suitcasesThanks to Asian Efficiency for giving me permission to share this post with you:


This month’s newsletter is about a simple philosophy that I live by.

I had totally forgotten about this simple philosophy. Let me share a quick story that reminded me of this.

Last week, a good friend of mine stopped by to catch up. I haven’t seen him since college so I was really excited to see this person. It was like two short Asian grandpas getting together and swapping stories over Mahjong (Asian grandpas like to gamble).

Good times.

Anyways, he stayed over at my place and he got to observe me in my natural habitat as I was working and just living my life as usual. Then he said something that reminded me of one of my philosophies that I had totally forgotten:

“Dude, you’re wearing the same clothes every day. What’s up with that?”

It’s simple - I don’t like to own too much stuff. This applies to everything - from girlfriends to credit cards to clothing.

When you own a lot of things, it robs you of willpower and energy. You have to maintain things. You have to clean them. You have to store them somewhere. This all robs me of something one way or another.

Willpower is a limited resource that we have at our disposal every day. I don’t want to waste that on minuscule stuff like deciding which clothes I’m going to wear, figuring out what I’m going to eat or doing routine maintenance stuff that I absolutely hate.

Did you know that stress is the fastest way to burn up all your willpower? That’s why I try to avoid stress the way an Asian college student avoids a test score lower than 99%.

The less I have, the less I have to think and stress about.

I save my willpower for when I need to bring out the big guns, like focusing on my most important task, building systems, driving projects to completion or convincing Aaron that I’m more Asian Efficient than he is.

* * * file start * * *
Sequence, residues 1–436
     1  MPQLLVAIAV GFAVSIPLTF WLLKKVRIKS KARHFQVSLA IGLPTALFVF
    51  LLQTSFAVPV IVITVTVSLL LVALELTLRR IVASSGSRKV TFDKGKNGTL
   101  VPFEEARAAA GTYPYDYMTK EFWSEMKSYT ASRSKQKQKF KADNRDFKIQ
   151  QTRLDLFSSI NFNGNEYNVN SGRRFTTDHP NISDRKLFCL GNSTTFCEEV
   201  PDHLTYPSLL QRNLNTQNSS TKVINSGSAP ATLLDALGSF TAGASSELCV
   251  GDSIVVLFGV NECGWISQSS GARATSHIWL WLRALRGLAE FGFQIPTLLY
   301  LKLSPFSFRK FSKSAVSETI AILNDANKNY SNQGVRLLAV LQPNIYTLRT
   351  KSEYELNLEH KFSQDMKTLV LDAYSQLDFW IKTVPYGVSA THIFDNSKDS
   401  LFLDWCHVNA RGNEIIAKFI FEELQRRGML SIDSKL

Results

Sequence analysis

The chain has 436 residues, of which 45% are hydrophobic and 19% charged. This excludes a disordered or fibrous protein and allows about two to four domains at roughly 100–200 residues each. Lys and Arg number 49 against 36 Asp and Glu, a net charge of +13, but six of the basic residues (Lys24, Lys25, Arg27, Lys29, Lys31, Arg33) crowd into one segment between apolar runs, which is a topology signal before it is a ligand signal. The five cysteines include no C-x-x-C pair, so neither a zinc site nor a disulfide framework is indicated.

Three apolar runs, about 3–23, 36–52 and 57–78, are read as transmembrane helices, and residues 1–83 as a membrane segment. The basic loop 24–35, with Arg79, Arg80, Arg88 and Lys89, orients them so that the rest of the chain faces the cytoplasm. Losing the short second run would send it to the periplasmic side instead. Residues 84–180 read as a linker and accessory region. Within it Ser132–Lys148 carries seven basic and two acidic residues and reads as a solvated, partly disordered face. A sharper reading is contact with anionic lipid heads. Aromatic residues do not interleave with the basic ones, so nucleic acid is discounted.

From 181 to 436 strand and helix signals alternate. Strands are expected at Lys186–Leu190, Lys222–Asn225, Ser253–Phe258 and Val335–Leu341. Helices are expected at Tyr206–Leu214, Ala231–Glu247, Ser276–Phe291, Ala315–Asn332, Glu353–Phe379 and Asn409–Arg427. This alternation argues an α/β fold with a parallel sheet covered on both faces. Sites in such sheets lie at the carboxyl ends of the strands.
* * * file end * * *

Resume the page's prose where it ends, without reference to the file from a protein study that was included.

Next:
Point being, you only have a limited amount of willpower each day. Use it wisely, like your time.

I’m a systems thinking kind of guy, so I like to see everything in objects, how they work together and how I can tweak things to run more efficiently. What I’ve realized is that the simpler my life is, the more effective I am.

In this case, the less stuff I have…the less I have to think about them…the more willpower I save for more important things.

Because of that, some people think I’m boring when they see my place. I like to think I’m Asian Efficient. That person just hasn’t seen the light at the end of the great wall of China yet.

If you could see everything I have, it fits in two suitcases. I call it my “2 suitcases rule of living” and it’s something I try to stick to as much as possible.


It makes me more mobile, efficient and effective.

I can pack my bags anytime I want and live in another city 24 hours later without any issues.

I rarely have to clean stuff. Maintaining stuff is not a big deal because I don’t have a lot of stuff to maintain.

I don’t have to worry about things being in the way, objects cluttering my place or distracting me from my craft.

All this helps me get more stuff done with laser-like focus, I make better decisions and I get the right stuff done in a flow state.

Two suitcases of things. That’s all you need.

P.S. Technically I don’t wear the EXACT same clothes every day (as my friend mentioned), but it all looks the same. Shorts, solid color vintage t-shirt, barefoot and “out of bed” hair. That’s how I roll.

Note from Meggin:

To learn more about Asian Efficiency, please visit their site –  I am a HUGE fan of these guys.  Their information is extremely helpful and detailed and I appreciate that they let me share this with all of you.





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